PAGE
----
“I became we”: Contesting marketized discourses of child-centred practices in early childhood education.

Year: 2021

Author: Shin, Anne-Marie, Sisson, Jamie, Whitington, Victoria

Type of paper: Symposium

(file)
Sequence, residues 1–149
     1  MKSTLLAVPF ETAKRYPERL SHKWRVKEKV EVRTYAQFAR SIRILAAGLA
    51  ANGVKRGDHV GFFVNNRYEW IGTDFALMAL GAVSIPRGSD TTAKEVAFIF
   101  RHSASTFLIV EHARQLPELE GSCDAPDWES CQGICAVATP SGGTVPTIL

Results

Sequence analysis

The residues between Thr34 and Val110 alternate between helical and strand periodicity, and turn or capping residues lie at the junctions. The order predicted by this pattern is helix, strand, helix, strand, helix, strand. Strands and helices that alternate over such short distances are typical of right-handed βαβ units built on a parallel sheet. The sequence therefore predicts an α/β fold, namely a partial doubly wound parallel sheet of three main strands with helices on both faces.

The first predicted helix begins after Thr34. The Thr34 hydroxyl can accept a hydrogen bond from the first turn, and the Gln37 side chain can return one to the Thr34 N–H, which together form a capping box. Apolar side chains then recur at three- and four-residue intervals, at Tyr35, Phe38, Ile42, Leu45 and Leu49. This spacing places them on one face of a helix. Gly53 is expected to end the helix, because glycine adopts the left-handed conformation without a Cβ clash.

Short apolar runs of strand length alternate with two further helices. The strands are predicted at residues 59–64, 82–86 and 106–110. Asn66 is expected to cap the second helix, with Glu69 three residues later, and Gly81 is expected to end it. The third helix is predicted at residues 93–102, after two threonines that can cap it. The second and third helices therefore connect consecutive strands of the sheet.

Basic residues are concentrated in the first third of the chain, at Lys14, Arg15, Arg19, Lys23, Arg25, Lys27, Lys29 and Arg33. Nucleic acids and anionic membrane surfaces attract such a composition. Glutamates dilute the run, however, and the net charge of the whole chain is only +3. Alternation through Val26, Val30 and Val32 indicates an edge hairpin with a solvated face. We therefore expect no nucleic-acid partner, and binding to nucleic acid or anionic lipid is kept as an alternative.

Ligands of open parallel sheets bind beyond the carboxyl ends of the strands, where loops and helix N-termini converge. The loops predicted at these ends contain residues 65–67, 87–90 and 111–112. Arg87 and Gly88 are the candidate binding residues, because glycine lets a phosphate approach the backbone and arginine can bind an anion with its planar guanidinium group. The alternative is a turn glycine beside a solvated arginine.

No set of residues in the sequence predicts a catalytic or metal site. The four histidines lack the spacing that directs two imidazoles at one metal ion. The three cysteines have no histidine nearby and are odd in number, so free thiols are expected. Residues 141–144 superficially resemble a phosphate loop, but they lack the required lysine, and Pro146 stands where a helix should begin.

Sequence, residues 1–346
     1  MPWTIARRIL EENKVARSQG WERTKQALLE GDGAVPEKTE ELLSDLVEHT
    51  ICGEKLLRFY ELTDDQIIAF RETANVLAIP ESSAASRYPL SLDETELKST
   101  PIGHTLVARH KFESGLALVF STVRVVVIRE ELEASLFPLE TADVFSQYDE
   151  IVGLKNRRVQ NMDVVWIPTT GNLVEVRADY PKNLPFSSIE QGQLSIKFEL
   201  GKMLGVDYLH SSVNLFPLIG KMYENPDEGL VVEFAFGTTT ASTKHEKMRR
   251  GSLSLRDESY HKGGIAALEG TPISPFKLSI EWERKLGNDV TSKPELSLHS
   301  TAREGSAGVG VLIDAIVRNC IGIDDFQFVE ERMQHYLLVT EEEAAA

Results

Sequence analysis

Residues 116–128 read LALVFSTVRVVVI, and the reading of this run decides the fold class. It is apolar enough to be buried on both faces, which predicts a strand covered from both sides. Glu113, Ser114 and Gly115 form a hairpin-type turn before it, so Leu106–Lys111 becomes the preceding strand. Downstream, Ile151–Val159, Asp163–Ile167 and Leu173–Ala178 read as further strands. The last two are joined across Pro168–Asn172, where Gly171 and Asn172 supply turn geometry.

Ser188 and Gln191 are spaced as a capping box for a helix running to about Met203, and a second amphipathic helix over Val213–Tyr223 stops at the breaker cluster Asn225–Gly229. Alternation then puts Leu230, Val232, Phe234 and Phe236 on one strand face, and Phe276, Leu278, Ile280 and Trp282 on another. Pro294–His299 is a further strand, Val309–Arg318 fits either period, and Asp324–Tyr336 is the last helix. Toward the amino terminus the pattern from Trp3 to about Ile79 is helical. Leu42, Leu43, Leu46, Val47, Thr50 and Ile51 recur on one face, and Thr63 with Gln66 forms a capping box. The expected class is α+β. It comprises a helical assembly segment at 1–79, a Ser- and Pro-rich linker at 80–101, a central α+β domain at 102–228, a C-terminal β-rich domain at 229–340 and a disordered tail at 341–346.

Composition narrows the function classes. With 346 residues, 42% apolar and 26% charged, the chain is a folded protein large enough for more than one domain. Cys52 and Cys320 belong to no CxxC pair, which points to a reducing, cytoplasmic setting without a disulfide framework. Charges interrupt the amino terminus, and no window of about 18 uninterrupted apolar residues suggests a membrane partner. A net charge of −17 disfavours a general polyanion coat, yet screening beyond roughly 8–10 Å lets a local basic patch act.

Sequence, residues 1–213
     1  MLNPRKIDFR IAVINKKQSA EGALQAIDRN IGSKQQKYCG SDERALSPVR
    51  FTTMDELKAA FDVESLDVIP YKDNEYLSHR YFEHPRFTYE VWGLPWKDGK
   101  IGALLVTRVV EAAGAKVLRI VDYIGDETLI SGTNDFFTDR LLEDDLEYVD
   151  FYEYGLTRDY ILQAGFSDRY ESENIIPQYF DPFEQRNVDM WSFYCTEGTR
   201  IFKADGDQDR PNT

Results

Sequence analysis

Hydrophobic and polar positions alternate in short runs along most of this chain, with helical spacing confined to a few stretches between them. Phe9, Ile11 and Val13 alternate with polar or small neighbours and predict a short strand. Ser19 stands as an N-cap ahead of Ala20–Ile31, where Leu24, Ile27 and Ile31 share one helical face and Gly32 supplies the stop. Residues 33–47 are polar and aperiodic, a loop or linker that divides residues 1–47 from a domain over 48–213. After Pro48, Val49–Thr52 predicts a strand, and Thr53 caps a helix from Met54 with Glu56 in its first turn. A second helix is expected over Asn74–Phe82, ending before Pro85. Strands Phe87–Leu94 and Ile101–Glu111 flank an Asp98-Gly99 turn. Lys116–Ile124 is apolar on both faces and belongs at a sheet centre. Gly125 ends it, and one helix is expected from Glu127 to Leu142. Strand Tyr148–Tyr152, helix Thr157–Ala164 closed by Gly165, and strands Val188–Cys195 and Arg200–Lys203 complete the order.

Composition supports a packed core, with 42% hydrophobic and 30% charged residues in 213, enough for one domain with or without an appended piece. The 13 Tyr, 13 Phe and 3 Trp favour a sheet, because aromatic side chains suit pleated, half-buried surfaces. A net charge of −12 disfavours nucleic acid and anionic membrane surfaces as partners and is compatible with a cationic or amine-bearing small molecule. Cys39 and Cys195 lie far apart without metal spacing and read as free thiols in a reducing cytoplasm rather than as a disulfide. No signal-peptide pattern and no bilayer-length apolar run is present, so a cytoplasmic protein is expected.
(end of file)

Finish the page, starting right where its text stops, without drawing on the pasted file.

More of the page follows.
The current discourse of child-centred pedagogy and practice has been dominant in early childhood education following an understanding that childhood is a unique period in one’s development. It acknowledges the role of play as important to learning and development as well as children’s rights to feel happy and secure (Hartley, 2009). Informed by Piagetian developmental psychology, child-centred pedagogy places emphasis on children’s individual developmental needs. In western countries like Australia, United States and United Kingdom, the discourse of child-centeredness has been infused with a market discourse of consumerism that places emphasis on the needs and interests of the individual as a marker of quality. Moss (2017) argues for critical examination of dominant discourses, such as these, for how they create false certainties, hide complexities and marginalise alternative ways of thinking and acting, necessary for democratic education. Within the universal assumption of the ‘rightness’ of child centred pedagogy, how do early childhood teachers/educators wrestle with the complexities of honouring the individual while also creating a sense of connection and belonging within a democratic community. These complexities are the focus of this paper.  Early childhood educational settings are well placed to enact democracy through acts of daily living rather than purely as a form of government (Dewey, 1916). This view of democratic education as ‘experienced’ throughout many interconnected practices taking place within a setting, rather than as a topic to be ‘taught about’ in an epistemological way, highlights the importance of examining teacher practices and how they enable or constrain children’s experience of democratic participation. Stories of democratic practice cannot however be told in isolation without engagement with and deconstruction of the policy context which may enable and / or constrain their possibilities (Moss, 2017).  This paper will use a critical, post structural stance to reveal tensions between representations of child-centred discourse and discourse of democratic practice within the Australian National Early Years Learning Framework and National Quality Standards. Second, it will present an Australian early childhood case study of democratic pedagogies within a preschool classroom. This case study will include the perspective of teachers, leaders, children and families and will offer recommendations for future policy and practice.